Scenery: buildings and environment

Since I figured that no one really wanted to live under a bed, I started with freight depots and industrial buildings. Power plants, concrete plants, 'factory halls', some trackside buildings and now a printing plant have been my main anchors in a scenic wasteland. Then I saw some Pola house kits priced too cheaply to resist ($4.50?) and put them together. Suddenly the neighborhood I'd pictured as Newark was turning into Copenhagen - these homes were too nice, with their dormer windows and beautiful window frames. I bought some more Model Power kits (also really from Pola) and put some buildings in with flat roofs.

I got some really nice stick-on road from Heki as well as one of their mini-forests and used the road where it mattered what the street looked like. Service roads and parking lots, though, have gotten black construction paper. Much cheaper, especially for service roads set far beneath the bed. Then I got some lights and some vehicles and went a little crazy. I'm always rearranging buildings to make things fit, so nothing is really glued down. The concrete plant, for instance, used to be in the front near the homes - which is rarely where I would want one of those. Dust and the occasional explosion aren't popular for residential neighborhoods. Now I've put the printing plant there. Since I have a printing plant two doors down, it seems logical. The overall layout puts the industrial stuff in the back with the dust and the homes in the front with the light.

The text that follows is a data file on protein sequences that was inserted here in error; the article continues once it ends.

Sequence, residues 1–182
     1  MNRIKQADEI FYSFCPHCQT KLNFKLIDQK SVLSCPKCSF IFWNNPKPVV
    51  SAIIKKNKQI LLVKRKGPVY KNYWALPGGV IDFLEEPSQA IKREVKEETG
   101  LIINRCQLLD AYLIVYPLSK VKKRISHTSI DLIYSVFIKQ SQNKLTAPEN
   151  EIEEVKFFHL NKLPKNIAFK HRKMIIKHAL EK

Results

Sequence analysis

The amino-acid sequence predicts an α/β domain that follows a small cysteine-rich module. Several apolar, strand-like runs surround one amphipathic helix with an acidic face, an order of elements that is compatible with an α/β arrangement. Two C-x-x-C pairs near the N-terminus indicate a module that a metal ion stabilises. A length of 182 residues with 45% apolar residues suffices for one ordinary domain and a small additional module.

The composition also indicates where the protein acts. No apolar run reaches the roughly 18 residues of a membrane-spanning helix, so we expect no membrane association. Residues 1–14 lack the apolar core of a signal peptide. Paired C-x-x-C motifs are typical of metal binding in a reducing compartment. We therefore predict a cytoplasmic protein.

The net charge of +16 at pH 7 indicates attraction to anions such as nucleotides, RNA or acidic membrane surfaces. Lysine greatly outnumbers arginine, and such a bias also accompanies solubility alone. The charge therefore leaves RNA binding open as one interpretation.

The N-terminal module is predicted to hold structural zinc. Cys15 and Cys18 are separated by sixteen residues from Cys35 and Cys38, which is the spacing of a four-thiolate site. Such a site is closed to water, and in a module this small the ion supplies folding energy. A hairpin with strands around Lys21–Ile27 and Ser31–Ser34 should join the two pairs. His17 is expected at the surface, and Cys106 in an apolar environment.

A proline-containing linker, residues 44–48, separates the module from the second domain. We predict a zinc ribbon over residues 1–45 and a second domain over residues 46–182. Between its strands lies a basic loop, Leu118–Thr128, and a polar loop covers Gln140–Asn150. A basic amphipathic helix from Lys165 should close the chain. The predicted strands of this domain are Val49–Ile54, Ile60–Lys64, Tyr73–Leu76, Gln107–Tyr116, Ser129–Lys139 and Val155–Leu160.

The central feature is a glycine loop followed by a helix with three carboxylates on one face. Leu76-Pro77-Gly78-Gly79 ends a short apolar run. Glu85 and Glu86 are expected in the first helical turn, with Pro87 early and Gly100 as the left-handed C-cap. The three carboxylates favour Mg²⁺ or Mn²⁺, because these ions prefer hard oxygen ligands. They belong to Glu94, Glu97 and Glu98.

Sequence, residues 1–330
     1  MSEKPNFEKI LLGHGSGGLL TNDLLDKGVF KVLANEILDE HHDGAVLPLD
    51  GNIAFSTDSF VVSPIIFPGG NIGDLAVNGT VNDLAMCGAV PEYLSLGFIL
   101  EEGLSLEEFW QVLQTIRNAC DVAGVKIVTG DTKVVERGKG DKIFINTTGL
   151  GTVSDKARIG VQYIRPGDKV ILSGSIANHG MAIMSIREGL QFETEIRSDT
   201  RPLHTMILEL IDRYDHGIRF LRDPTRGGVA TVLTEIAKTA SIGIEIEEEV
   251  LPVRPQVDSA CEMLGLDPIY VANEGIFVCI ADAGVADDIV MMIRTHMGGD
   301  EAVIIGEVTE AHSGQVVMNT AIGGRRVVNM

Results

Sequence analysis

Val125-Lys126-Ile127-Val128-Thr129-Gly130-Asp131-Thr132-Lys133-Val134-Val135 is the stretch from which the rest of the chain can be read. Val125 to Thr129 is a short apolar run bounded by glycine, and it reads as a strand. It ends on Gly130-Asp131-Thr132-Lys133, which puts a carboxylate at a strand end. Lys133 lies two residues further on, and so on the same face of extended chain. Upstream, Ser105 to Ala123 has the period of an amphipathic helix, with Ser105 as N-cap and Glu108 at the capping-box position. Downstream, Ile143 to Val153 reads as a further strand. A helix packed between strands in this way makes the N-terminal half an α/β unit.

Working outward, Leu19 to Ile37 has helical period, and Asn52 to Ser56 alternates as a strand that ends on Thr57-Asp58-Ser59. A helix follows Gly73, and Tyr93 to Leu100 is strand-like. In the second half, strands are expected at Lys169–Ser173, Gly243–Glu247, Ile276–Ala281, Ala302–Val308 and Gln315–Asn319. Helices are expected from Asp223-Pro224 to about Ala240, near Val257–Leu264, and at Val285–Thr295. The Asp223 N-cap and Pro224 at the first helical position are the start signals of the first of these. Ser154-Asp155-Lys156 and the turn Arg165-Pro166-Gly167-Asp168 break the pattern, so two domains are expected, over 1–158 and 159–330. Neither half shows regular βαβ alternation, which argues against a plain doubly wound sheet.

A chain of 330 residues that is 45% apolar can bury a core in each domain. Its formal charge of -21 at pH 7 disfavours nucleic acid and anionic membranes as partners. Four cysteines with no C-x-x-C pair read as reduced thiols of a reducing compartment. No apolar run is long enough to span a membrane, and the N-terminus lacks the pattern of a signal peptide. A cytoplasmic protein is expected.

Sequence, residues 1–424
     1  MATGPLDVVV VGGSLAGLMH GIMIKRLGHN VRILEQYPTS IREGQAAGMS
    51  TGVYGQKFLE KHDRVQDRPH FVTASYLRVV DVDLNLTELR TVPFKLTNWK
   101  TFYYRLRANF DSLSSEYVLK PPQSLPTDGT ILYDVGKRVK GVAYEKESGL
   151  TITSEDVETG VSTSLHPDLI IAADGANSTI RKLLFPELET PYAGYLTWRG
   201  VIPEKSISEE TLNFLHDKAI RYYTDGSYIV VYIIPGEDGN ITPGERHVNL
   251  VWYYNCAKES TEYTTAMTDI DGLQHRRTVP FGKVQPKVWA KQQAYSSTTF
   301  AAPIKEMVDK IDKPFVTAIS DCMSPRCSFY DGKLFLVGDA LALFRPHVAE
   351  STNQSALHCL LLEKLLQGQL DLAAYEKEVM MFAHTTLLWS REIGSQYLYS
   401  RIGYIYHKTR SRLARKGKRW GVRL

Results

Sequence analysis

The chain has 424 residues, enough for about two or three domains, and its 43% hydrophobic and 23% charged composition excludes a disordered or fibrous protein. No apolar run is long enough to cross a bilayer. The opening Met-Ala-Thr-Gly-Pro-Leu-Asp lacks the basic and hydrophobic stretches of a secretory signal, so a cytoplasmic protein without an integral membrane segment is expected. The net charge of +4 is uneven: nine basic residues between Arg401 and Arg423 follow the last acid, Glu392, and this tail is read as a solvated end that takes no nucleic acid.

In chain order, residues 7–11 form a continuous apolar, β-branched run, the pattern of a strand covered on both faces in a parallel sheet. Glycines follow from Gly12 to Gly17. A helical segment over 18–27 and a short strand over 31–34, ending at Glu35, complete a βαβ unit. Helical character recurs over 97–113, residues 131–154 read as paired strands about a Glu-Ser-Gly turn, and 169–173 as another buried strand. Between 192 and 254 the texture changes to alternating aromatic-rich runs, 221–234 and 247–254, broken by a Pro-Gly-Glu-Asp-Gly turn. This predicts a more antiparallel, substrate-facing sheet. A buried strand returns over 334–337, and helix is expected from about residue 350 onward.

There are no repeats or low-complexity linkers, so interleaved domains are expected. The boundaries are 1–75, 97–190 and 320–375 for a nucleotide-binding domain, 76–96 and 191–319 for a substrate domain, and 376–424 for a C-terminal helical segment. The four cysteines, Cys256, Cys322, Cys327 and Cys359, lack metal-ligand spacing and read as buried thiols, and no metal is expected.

I also put down some LifeLike earth and grass in the front areas. It's harder to apply than I expected, and I would only work with the stuff if you can pull the board out from the bed enough to work with it. I used LifeLike's landscaping cement for the earth and grass and glue for the trees behind the nicer houses.

You can do anything you like for scenery. Pastoral scenes under a bed might be tricky, and it's hard to do hills and mountains, but someday I'll put a sky board back there so my JVC stereo box isn't quite so ugly and obvious.

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Copyright 1996 by Simon St.Laurent. All rights reserved. You may print this document for yourself or others at no charge, but commercial distribution without permission is prohibited.

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